4

Ibid Ibid!

Michael Finnissy, English Country Tunes, Nika Shirocorad. Perf. Nika Shirocorad. Michael Finnissy, English Country Tunes, Nika Shirocorad. YouTube, 05 July 2010, Accessed on 14 Nov. 2013.

$!

application of musicianship is studied under an abstract rule set in which an understanding of the language is required to implement it in a functioning nature, resulting in a non-abstract expression that utilizes the abstract language of music. Although again, in Nikas case, I cannot imagine that type of vigorosity being of high order or study, it perhaps should be considered instead spontaneous expression. Moreover, emotion can be conisdred more universally understood than language currently seems to be. If you were to witness a physical event in which somebody clenched their fists in rage (performance), Im sure the greater majority would intuitively relate to with anger or displeasure. Just as if a non-English speaker were to hear English being spoken, the non-English speaker would likely have issues understanding its core structures or principles.

Because all art can be considered an abstraction of some kind, an ideal redefinition of the term abstraction within the arts could be used in conjunction with representation.

It could be argued, with this redefinition in mind, the art of Sound Design and Sound Engineering can be considered a new subset for representational art. Modern samplers and keyboards offer the ability to present objective representation through the mimicking of natural sounds and events through the art of synthesis7. This could be considered a modern ideal of what Musique Concrte was understood as in the late 1940s, and could apply with one of Schaeffers ideas that high technology will come to rescue art (and music) and in turn bridge the gap between abstract musical language and foundational sound itself.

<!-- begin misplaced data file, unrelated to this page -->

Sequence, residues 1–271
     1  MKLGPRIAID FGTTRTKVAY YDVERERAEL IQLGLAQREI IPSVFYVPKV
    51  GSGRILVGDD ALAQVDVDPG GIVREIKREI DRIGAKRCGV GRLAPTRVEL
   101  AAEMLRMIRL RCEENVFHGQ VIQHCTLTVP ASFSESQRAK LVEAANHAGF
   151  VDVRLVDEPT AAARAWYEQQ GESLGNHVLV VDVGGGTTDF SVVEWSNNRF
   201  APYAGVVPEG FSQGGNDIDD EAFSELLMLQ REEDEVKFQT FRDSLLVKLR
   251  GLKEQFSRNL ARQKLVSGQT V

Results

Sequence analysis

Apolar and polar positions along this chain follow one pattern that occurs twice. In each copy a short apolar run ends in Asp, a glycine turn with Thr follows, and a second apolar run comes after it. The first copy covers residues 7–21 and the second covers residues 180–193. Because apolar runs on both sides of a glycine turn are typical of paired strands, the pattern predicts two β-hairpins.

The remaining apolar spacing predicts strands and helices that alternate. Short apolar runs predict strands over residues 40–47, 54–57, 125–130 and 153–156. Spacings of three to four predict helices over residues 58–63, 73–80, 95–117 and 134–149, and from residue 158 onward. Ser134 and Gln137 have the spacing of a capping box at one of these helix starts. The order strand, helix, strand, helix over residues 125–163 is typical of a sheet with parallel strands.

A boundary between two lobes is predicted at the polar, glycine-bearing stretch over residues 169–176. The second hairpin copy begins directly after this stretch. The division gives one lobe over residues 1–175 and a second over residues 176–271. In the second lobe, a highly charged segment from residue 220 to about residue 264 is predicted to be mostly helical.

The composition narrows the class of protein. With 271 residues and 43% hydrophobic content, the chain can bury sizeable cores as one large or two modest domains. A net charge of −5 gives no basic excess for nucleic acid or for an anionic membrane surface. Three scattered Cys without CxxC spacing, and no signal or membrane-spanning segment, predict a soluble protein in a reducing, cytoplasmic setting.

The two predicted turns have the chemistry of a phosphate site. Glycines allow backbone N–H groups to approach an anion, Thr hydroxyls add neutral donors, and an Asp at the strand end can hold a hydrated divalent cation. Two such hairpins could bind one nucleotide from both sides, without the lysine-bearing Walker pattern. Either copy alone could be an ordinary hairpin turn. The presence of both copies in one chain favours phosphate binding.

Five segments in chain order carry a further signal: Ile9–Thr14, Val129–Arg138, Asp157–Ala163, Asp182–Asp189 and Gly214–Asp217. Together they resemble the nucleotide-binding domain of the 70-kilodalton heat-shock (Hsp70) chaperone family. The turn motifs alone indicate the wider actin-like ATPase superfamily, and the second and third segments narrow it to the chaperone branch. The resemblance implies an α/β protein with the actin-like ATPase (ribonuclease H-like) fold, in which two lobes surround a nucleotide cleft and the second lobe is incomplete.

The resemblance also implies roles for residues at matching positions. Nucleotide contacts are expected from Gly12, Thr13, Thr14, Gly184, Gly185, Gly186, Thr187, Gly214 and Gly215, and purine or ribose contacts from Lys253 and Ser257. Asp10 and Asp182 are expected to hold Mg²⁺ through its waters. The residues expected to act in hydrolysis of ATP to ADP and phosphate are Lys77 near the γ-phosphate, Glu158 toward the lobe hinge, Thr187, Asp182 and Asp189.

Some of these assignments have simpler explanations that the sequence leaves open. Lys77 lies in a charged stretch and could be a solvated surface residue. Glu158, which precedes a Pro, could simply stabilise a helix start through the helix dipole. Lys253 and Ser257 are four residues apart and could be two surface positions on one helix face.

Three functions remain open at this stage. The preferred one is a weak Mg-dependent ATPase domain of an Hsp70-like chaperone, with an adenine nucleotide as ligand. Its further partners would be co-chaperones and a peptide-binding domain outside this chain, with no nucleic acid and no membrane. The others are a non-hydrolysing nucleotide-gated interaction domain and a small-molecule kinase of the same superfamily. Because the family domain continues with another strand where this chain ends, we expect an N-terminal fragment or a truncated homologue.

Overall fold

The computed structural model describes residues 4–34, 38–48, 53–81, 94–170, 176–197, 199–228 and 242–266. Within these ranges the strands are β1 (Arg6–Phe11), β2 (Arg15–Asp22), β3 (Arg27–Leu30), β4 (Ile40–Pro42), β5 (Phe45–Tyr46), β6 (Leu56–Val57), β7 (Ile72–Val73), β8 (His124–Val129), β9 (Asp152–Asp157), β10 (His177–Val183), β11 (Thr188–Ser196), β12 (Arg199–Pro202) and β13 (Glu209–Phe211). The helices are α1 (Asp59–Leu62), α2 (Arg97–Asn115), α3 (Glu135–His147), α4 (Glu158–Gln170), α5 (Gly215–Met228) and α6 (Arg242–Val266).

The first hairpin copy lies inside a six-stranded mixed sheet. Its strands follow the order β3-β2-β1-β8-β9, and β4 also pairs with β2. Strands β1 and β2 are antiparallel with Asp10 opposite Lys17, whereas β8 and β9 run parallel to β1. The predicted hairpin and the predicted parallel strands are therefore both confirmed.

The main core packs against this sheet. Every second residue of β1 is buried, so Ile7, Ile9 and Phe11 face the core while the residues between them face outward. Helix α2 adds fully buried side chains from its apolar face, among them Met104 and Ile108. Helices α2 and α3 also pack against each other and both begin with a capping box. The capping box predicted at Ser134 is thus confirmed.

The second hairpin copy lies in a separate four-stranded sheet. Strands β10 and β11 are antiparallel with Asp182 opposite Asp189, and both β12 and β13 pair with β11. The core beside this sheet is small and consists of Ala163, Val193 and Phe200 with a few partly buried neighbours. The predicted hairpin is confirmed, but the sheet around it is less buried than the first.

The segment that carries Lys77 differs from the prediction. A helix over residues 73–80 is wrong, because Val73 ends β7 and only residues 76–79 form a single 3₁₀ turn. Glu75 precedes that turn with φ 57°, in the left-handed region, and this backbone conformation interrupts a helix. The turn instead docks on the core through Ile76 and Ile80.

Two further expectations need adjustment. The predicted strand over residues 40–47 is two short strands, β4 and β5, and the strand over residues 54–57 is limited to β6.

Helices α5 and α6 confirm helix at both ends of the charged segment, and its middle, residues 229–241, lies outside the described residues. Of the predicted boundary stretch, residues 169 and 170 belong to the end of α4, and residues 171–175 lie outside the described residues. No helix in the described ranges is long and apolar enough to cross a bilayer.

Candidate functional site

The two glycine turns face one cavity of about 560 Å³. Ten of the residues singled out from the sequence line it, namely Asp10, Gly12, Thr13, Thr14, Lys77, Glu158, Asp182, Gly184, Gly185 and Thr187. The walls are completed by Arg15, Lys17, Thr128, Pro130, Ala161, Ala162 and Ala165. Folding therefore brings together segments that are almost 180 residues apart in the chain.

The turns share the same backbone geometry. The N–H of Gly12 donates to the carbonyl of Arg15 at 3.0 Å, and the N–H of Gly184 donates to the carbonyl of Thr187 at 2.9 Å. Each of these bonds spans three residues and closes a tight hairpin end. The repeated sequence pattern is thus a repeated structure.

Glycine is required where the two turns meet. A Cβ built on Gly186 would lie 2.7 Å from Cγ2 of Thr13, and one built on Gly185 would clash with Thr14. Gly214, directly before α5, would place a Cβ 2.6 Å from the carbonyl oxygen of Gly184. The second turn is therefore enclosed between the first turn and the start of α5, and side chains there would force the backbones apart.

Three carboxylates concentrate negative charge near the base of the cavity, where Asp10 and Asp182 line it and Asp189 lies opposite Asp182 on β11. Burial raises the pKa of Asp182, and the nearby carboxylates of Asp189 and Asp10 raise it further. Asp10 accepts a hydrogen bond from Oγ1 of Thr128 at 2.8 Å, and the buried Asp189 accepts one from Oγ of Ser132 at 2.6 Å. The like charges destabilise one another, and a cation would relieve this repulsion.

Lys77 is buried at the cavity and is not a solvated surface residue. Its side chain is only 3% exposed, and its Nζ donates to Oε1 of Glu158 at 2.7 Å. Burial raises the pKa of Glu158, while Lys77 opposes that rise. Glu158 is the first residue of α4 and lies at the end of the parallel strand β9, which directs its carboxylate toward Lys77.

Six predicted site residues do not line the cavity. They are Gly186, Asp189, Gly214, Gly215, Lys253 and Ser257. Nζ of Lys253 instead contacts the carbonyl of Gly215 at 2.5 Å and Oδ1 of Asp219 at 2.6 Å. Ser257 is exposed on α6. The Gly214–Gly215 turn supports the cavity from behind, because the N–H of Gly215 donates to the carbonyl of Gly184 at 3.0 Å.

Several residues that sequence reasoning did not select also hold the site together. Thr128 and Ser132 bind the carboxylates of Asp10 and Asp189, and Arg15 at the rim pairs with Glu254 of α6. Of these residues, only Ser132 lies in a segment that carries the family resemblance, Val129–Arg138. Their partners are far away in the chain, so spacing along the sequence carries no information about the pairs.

To truly represent natural sound then, without first utilizing preexisting sonic form as Schaeffer did, would, I believe serve to complete the gap between abstraction and representation, synthesizing them into a different !!!!!!!!!!!!!!!!!!!!!!!!!!!!!!!!!!!!!!!!!!!!!!!!!!!!!!!!
7

Wayne Roberts. "Music as Abstract Art." Web log post. Principles Of Nature. Wayne Roberts, 2005, Acesseed on 14 Nov. 2013.!

%!

concept. This could have two results, firstly through the use of high technology replicating or representing these sounds 1:1, this is only doing so in part however. A sound engineer may be able to field record a tire screech or synthesize a lions roar; (digitally) however this is only ever an isolated sound. To produce or represent the entire of natures cacophony this way seems impossible. Further still, to produce an ongoing track this way seems counterproductive, forking away and becoming abstracted from the actual sound going on outside from the moment it is created and subsequently played. This leads us back to deliberate abstraction, which I believe leads to a truer form of representation.